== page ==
banks), the time limit may be longer or shorter. However, it is hard to know for sure unless
you have a copy of your contract or credit card agreement.
If a creditor does not take you to court before the time limit ends, the debt is no longer
valid. However, admitting you owe the old debt in writing, or making a payment on it, will
re-start the time clock. Before paying an old debt, check with a lawyer, to make sure the
debt has not expired.
Some debts, such as most student loans, tax debts, and support debts, do not expire
(although there are some exceptions). Check with a lawyer for advice about whether your
particular debts are still valid.
Should I file for bankruptcy?
“At the end of every seven years you shall make a release. And this is the manner of the
release: every creditor shall release that which he has lent to his neighbor and his brother;
because the Lord’s release has been proclaimed.”
-Deuteronomy 15:1-2
Bankruptcy is an old idea! It can be a good way to get a fresh start. It also stops your
creditors from trying to collect on your debts. Foreclosures, repossessions and lawsuits
must stop right away (at least temporarily).
There are two main kinds of consumer bankruptcy: Chapter 7 and Chapter 13. Chapter 7
bankruptcy can wipe out most bills. Chapter 13 bankruptcy gives you the chance to catch
up on your bills over 3-5 years.
Bankruptcy is not for everyone. For example, if you have no income or property that a
creditor can take, you are “judgment proof”. This means there is nothing your creditors can
do to get paid. If you are judgment proof, you may not need to file for bankruptcy or even
make payments.
Also, if you only owe a few hundred or a few thousand dollars, you may want to wait until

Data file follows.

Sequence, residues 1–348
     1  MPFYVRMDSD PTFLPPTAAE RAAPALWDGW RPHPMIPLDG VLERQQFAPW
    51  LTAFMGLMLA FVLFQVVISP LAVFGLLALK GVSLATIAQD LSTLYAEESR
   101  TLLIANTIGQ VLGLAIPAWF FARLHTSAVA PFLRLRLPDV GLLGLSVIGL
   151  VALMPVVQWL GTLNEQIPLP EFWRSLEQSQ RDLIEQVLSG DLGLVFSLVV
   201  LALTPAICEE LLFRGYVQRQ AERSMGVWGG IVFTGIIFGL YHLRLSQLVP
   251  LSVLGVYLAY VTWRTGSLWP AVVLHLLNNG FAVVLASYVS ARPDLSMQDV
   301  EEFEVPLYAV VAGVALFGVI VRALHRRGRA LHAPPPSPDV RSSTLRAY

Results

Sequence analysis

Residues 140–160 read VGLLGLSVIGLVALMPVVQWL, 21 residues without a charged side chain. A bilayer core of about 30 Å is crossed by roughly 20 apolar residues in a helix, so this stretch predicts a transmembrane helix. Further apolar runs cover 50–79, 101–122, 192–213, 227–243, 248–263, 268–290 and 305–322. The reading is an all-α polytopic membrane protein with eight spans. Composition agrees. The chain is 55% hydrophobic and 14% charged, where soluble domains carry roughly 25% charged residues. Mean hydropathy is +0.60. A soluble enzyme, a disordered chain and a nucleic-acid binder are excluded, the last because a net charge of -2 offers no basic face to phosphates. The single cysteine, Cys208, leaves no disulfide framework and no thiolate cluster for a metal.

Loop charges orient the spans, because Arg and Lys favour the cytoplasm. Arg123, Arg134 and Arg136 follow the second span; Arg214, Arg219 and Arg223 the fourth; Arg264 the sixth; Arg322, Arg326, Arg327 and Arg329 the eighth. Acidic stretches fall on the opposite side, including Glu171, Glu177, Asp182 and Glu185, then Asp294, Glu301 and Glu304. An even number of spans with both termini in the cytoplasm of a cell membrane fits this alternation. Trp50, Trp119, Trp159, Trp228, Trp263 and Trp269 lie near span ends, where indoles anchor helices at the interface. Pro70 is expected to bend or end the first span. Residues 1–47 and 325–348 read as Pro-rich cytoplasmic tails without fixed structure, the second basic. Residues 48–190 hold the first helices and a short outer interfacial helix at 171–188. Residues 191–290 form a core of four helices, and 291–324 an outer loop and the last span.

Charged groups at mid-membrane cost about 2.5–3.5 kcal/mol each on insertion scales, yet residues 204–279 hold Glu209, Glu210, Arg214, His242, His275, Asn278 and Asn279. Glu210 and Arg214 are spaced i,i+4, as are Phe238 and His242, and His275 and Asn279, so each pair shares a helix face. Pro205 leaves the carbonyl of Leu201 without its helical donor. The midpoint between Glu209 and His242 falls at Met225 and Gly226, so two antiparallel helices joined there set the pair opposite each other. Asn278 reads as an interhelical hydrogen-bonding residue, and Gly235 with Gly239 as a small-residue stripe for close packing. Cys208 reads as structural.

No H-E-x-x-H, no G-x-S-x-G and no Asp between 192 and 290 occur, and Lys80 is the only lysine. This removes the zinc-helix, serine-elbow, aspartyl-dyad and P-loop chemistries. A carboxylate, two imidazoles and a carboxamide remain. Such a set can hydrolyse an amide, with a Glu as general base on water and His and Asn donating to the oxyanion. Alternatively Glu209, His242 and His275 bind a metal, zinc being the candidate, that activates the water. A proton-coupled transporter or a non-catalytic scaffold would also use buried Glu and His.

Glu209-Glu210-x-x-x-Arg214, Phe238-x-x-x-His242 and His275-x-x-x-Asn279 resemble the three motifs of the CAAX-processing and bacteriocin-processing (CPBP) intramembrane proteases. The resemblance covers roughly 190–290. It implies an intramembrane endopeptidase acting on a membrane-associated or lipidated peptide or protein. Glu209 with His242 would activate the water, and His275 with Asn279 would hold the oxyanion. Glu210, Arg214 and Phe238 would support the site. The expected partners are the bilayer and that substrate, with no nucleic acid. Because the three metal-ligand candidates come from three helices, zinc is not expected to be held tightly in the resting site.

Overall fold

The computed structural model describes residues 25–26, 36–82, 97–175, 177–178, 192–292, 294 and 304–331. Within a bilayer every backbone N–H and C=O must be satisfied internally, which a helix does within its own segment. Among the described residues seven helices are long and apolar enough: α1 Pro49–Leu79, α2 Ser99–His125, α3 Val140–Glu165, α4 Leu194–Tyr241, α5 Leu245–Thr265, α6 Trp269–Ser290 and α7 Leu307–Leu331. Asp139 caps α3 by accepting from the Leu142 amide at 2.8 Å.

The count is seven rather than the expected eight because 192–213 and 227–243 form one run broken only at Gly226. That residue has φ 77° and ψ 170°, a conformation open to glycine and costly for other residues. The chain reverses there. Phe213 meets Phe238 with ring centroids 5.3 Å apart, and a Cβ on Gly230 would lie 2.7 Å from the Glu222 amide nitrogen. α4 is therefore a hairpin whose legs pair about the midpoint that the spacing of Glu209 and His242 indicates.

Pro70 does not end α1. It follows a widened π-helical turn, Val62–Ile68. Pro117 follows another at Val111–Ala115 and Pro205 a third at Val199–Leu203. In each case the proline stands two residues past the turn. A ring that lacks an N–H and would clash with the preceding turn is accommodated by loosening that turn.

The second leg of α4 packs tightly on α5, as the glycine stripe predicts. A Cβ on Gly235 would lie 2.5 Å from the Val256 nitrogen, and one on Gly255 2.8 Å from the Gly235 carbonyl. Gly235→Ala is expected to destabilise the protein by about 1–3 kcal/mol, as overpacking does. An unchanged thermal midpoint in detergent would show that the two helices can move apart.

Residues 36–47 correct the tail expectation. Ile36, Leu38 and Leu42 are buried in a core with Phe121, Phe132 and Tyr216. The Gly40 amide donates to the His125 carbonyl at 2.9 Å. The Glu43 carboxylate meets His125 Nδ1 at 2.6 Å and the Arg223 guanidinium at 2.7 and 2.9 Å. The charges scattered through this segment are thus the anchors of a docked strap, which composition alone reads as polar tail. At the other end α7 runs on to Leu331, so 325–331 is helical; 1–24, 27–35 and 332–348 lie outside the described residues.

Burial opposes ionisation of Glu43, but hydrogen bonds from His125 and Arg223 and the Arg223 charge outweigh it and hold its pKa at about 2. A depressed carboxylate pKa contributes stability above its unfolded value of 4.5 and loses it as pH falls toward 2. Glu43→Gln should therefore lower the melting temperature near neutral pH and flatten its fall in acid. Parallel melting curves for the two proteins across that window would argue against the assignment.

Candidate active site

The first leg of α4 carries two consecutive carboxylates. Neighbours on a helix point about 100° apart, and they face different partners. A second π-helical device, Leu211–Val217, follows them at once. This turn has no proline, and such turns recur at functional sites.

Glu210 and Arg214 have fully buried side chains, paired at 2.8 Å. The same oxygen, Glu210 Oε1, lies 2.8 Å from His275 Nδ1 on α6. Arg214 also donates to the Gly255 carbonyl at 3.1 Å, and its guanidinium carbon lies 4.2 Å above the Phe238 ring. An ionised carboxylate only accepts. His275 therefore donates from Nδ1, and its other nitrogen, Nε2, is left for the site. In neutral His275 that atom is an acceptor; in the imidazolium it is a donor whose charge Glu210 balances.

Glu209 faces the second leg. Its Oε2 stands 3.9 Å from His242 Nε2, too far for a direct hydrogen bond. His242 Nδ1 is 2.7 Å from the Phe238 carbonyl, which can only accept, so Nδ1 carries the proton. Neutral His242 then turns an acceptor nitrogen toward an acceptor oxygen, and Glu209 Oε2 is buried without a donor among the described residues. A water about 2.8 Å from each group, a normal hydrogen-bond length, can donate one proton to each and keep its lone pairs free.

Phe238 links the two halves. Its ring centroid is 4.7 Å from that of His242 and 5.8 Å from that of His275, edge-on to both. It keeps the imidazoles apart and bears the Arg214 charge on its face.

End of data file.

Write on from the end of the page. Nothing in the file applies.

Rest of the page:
your financial situation gets worse.
To find out if bankruptcy is right for you, talk to a lawyer. Most bankruptcy lawyers offer
free consultations. Call your local legal aid office or the Lawyer Referral Hotline at 1-800342-3661.
How to Cope with Debt, Legal Aid Society of Mid-New York Inc.
Broome, Chenango, Otsego and Delaware Counties:
44 Hawley Street, 17th Floor, Binghamton, NY 13901
(607) 721-8771
Cayuga, Cortland, Madison, Onondaga and Oswego Counties:
615 Erie Blvd. West, Suite 102, Syracuse, NY 13204
(315) 448-4800
Jefferson and Lewis County:
317 Washington Street, Watertown, NY 13601-3744
(315) 785-2444
Oneida and Herkimer Counties:
207 Genesee St., Room 508, Utica, NY 13501
(315) 793-2225
Legal HelpLine Number: 1-877-777-6152
Broome & Chenango Counties:
168 Water Street, 2nd Floor, Binghamton, NY 13901
(607) 231-5900
Cortland County:
111 Port Watson Street, Cortland, NY 13045
(607) 428-8400
Herkimer, Madison and Oneida Counties:
255 Genesee Street, 2nd Floor, Utica, NY 13501
(315) 793-7000
Jefferson and Lewis Counties:
44 Public Square, Watertown, NY 13601
(315) 955-6700
Oswego County:
108 West Bridge Street, Oswego, NY 13126
(315) 532-6900
Onondaga and Cayuga Counties:
472 South Salina Street, Suite 400, Syracuse, NY 13202
(315) 703-6600
Otsego and Delaware Counties:
How to Cope with Debt, Legal Aid Society of Mid-New York Inc.
(800) 750-2227
49 Court Street, Suite 125, Binghamton, NY 13901
(607) 773-4772
5794 Widewaters Parkway, Syracuse, NY 13214
(315) 445-8960
215 Washington Street, Suite 005, Watertown, NY 13601
(315) 786-2861
Broome County:
36-42 Main Street, Binghamton, NY 13905-3199
(607) 778-8850
Cayuga County:
160 Genesee Street, Auburn, NY 13021
(315) 253-1011
Chenango County:
County Office Building, 5 Court Street
Norwich, NY 13815
(607) 337-1500
Cortland County:
60 Central Avenue, Cortland, NY 13045
(607) 753-5248
Delaware County:
111 Main Street, Delhi, NY 13753
(607) 832-5300
Herkimer County:
301 North Washington Street, Herkimer, NY 13350
(315) 867-1291
Jefferson County:
250 Arsenal Street, Watertown, NY 13601
(315) 782-9030
Lewis County:
5274 Outer Stowe Street, Lowville, NY 13367
(315) 376-5400
Madison County:
133 N. Court Street, P.O. Box 637, Wampsville, NY 13163
(315) 366-2211
Oneida County:
800 Park Ave., Utica, NY 13501
300 W. Dominick Street, Rome NY 13440